English 250

Research Seminars: Sensation and Participation from Chaucer to Spenser


Section Semester Instructor Time Location Course Areas
1 Spring 2022 Nolan, Maura
M 2-5 Wheeler 301

Description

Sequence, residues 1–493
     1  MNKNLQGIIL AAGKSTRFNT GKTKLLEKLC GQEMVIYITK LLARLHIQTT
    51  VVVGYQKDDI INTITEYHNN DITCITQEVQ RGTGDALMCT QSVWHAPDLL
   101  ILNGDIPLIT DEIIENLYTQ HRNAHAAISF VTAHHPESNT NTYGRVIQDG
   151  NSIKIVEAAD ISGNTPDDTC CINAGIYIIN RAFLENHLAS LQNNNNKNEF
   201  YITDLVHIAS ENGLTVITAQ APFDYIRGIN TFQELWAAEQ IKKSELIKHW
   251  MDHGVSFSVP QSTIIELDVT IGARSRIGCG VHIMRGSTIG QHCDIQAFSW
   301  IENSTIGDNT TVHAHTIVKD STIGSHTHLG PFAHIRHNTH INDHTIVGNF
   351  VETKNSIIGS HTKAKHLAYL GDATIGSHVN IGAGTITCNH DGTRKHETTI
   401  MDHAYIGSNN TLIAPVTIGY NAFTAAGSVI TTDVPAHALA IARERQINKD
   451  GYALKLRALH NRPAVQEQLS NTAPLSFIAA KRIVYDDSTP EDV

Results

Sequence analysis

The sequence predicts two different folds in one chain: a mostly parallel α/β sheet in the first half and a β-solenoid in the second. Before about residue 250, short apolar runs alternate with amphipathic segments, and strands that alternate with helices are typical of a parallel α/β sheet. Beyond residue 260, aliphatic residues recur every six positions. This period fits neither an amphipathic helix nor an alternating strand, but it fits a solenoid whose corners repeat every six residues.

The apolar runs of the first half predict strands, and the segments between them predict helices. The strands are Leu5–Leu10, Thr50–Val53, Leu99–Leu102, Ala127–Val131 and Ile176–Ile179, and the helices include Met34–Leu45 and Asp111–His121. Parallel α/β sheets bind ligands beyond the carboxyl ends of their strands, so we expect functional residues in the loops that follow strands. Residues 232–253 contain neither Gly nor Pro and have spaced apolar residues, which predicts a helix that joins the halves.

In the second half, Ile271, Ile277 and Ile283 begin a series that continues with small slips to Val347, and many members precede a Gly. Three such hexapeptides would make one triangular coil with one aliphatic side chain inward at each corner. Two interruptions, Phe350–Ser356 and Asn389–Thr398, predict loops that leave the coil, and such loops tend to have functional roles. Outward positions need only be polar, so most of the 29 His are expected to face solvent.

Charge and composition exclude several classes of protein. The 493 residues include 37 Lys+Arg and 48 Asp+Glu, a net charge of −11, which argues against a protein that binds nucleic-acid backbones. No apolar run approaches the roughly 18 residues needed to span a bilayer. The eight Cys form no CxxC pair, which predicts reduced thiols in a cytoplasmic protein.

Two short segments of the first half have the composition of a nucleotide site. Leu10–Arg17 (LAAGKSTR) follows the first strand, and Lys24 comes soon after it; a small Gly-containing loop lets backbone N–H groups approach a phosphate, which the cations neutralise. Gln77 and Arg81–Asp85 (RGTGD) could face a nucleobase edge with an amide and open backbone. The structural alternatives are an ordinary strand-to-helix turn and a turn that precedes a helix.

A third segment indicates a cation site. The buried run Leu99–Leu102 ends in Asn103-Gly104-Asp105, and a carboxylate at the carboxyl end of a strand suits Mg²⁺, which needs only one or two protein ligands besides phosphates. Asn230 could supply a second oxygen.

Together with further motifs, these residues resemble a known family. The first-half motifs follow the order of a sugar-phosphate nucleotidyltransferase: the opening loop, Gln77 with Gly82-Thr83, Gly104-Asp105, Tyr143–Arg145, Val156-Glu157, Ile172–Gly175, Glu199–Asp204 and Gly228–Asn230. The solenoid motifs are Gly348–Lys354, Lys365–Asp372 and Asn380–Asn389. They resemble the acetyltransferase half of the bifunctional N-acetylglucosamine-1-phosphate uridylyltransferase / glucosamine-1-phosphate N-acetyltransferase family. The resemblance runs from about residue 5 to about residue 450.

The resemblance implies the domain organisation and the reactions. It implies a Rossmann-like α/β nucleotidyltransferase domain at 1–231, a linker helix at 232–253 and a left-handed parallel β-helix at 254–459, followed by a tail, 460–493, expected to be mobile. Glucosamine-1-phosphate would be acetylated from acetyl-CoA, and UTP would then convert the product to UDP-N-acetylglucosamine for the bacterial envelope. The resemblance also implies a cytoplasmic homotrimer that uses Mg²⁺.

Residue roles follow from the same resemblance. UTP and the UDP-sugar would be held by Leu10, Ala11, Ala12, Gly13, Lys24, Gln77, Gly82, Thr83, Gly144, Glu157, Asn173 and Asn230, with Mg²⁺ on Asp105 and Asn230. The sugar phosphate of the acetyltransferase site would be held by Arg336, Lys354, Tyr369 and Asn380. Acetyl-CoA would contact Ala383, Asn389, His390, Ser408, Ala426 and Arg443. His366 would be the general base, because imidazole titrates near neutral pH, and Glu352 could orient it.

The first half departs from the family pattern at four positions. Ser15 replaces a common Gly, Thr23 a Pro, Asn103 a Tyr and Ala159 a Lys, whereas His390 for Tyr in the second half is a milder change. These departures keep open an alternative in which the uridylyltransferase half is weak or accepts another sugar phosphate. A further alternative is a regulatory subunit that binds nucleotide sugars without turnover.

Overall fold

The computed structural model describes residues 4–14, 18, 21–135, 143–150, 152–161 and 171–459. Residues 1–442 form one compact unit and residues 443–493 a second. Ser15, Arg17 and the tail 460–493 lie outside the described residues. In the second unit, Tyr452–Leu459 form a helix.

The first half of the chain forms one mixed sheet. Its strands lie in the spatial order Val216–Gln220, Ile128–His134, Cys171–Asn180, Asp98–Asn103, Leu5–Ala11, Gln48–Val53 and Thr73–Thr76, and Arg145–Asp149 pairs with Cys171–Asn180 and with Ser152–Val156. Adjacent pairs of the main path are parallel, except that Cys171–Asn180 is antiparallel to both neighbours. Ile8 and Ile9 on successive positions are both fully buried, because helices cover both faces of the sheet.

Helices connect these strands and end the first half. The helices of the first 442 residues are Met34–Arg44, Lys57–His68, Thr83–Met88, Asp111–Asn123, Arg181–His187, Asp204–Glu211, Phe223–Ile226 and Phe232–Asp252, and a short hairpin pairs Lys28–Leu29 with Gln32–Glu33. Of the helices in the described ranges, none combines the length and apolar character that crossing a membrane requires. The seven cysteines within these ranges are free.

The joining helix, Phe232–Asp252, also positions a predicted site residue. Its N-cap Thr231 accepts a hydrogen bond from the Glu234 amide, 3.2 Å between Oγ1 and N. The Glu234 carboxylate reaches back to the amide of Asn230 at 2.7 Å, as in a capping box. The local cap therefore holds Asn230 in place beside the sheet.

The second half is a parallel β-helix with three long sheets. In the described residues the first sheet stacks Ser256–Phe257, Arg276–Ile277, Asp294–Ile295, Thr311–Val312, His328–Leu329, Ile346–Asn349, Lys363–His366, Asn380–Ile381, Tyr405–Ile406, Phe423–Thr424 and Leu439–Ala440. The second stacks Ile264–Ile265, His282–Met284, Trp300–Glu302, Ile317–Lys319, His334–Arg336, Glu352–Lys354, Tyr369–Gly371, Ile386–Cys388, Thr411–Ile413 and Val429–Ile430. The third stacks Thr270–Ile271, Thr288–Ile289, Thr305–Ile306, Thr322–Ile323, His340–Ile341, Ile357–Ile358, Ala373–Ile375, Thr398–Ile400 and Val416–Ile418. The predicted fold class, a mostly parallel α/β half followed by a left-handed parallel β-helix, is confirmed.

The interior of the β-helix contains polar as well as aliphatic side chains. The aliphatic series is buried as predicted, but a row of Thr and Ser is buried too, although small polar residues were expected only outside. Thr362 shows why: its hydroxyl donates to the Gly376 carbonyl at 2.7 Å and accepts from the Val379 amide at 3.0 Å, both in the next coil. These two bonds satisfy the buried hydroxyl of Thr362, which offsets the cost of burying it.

The idea of pairing “sensation” with “participation” as a means of identifying an aesthetic phenomenon characteristic of the later Middle Ages and early Renaissance emerges in part from Thomas Aquinas’ account of beauty:  he argues that beauty is fundamentally a means of “participation,” because it is a universal experience of visual pleasure that recalls the viewer to the beauty of the divine.  The viewer thus participates in the divine and shares that participation with other viewers.  In this class, we will examine what happens to this linked pair of aesthetic qualities as it appears in the late medieval vernacular English poetry of figures like Gower, Chaucer, Hoccleve, and Lydgate; we will also consider how these ideas change under Tudor absolutism and in the wake of the English Reformation, in the works of Wyatt, Surrey, Spenser, and others.  Medieval writers frequently depict forms of communal participation in their poetry; they were surrounded by participatory forms of art in their daily lives, such as the cycle dramas; royal entries; mumming; mayoral processions; wall paintings; “pageants,” or tableaux; even decorative sugar sculptures accompanied by verses (“solteltes”).  These kinds of displays continue and indeed grow more elaborate under Tudor rule; even the mystery plays continue to be performed until the late 16th century.  Sensation and participation thus continue to exert significant influence in the 16th century, even as the changes wrought by Tudor absolutism and the Reformation significantly alter the poetic landscape.  Students are encouraged to develop research topics that combine literary readings with material culture, in the form of theatrical performance, visual art, manuscript illustration and book construction, print history (production; circulation; censorship), and more.  Work for the course:  final seminar paper and occasional informal written reflections, plus one presentation.

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